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Central African Republic votes to elect next president

Sia KAambou, Issouf Sanago / AFP | File photos of the two main Central African presidential candidates Anicet Georges Dologuele (L) on December 28, 2015 and Faustin Archange Touadera on January 5, 2013

People in the Central African Republic wrapped up voting to elect new democratic leadership on Sunday, determined to turn the page on years of bloodshed that has killed thousands and split the impoverished nation along religious and ethnic lines.


FRANCE 24's Central African Republic correspondent Catherine Norris-Trent said voters are hoping the country could take a step towards rebirth if the polls go smoothly, following three years of political chaos, misrule and violence.

“Whoever becomes president has an awful amount of work to do managing expectations, because people are telling us that they see these elections as a new start for this country”, said Trent, speaking from the capital, Bagui.

The two candidates vying for the presidency are both former prime ministers who have campaigned on promises to restore security and boost the economy in the mineral-rich but poor country.

The first round on December 30 was won by ex-premier Anicet Georges Dologuele, a 58-year-old former central banker known as "Mr Clean" for his attempts to bring transparency to murky public finances when in office. He took 23.78 percent of the vote.

Dologuele will face off against Faustin Archange Touadera, also 58, a former maths professor standing as an independent who surprised everyone by coming second in the first round with 19.4 percent.

Touadera's popularity stems from a measure he introduced as prime minister -- paying government salaries directly into bank accounts, ending decades of pay arrears and unpaid wages.

As well as choosing a president, voters will on Sunday cast their ballots in a re-run of the last legislative election, also held on December 30, that was later annulled over numerous irregularities.

This election will see a staggering 1,800 candidates competing for a place in the 105-seat National Assembly.

"What we want first and foremost is security to give a new impetus to the country," said a soldier, who identified himself as Ndadder, as he patiently waited to vote in PK5, a Muslim-majority area in the capital Bangui which had been the scene of bloody religious violence.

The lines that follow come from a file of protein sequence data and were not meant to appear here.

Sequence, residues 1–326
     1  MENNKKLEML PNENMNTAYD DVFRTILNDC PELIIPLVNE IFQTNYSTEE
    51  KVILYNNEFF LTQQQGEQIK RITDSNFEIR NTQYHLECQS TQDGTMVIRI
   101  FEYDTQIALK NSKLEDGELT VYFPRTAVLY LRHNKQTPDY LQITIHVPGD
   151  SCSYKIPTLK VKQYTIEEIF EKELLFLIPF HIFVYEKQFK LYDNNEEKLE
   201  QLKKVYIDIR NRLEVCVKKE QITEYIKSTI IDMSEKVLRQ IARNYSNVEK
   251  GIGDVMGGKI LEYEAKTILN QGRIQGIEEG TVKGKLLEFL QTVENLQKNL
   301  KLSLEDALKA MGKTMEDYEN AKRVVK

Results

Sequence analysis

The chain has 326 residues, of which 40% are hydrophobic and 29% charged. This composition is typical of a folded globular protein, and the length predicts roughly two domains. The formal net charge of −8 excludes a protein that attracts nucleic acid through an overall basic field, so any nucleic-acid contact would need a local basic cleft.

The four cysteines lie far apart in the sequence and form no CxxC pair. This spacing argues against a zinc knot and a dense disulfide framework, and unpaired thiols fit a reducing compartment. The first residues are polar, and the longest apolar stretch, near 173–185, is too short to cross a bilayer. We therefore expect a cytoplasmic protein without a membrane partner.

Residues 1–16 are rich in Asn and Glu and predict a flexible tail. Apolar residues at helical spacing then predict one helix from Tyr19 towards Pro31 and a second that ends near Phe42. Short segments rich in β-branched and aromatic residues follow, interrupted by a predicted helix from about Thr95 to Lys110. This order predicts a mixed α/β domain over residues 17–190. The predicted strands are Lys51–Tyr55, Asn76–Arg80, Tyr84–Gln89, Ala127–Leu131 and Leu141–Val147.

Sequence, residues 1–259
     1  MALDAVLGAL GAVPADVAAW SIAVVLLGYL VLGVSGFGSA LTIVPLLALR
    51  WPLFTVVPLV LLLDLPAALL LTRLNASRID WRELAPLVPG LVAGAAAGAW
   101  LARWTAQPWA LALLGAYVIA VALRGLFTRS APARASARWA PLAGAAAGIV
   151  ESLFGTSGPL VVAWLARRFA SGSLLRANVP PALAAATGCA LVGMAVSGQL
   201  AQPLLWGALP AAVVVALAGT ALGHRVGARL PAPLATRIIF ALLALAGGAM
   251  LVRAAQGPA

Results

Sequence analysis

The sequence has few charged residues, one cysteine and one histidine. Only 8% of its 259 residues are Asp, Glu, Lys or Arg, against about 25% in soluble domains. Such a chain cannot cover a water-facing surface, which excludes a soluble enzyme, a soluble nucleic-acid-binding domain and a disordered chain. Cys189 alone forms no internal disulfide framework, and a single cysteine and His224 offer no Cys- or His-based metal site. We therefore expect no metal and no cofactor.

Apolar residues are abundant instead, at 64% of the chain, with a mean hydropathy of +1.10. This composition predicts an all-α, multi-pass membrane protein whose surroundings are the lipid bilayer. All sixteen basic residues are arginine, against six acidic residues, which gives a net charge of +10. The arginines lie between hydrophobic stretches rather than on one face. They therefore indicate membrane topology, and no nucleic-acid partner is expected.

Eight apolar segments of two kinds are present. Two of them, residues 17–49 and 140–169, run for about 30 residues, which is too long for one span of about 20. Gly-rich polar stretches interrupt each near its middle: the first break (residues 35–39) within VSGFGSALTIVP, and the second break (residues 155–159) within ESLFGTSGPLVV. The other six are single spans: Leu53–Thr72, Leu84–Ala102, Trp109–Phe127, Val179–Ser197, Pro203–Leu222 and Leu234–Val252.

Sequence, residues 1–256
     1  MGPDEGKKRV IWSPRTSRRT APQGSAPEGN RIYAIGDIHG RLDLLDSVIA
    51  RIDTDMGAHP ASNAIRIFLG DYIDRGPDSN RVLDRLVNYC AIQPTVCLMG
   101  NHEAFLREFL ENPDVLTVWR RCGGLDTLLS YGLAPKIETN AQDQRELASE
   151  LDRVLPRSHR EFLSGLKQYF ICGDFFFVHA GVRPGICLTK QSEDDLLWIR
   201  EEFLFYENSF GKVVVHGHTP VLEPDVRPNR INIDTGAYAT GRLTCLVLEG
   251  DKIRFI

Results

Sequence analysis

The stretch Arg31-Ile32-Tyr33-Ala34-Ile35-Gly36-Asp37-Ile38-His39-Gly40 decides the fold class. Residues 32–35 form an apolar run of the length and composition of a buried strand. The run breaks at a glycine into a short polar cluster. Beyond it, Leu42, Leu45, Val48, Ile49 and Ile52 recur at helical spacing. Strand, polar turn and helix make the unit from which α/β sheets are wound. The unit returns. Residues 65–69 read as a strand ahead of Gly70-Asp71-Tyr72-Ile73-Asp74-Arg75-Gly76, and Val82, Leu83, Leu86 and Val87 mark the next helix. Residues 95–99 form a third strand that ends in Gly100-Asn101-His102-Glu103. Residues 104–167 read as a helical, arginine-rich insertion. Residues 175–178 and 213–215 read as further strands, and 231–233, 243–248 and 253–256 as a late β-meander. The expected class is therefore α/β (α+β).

"We hope that it all goes well and goes quickly so that we can have a president," said Parfait Gbokou, 30, who was among the first to vote after polls opened at 6 a.m. (0500 GMT) at a primary school in the centre of Bangui.

'Crucial choice'

The race for the presidency is expected to be close.

Dologuele has won the backing of the person who came third in the first round -- with 12 percent of the vote -- while Touadera has the support of 22 other candidates who ran in December.

"It's a crucial choice. The next president will rebuild our country, we expect a lot of him," Gaston, a resident in the capital Bangui, told AFP on the eve of the vote.

The Central African Republic's most recent episode of bloodletting was sparked by the March 2013 ousting of long-serving president Francois Bozize, a Christian, by the mainly Muslim Seleka rebel alliance.

The coup sparked a series of revenge attacks involving Muslim forces and Christian vigilante groups known as "anti-balaka" (anti-machete) militias.

Thousands were slaughtered in the spiral of atrocities that drove about one in 10 of the population of 4.8 million to flee their homes.

"We expect our new president to disarm the fighters so we can go home," said Emilienne Namsona, 47, who fled in 2013 to the M'poko displacement camp, home to some 23,000 internal refugees next to the airport in the capital Bangui.

Both the current presidential candidates are Christians.

Even though the December polls passed off peacefully, security is expected to be tight with UN peacekeepers and French soldiers helping to patrol areas where tensions remain high.

December's elections, despite huge logistical problems and grinding poverty, attracted a big turnout. Some 1.3 million valid ballots were cast in a country with nearly two million registered voters.

Christians and Muslims alike came forward on a massive scale to ensure their names were on the electoral roll and collect their voting cards, many saying they never again wanted to hear gunfire on their streets.

The elections came after 93 percent of voters backed a constitutional referendum that cleared the way for the vote.

It also followed Pope Francis's groundbreaking trip in November -- his first to a war zone. His impassioned plea for peace and reconciliation has been taken up by candidates, political parties and religious leaders.


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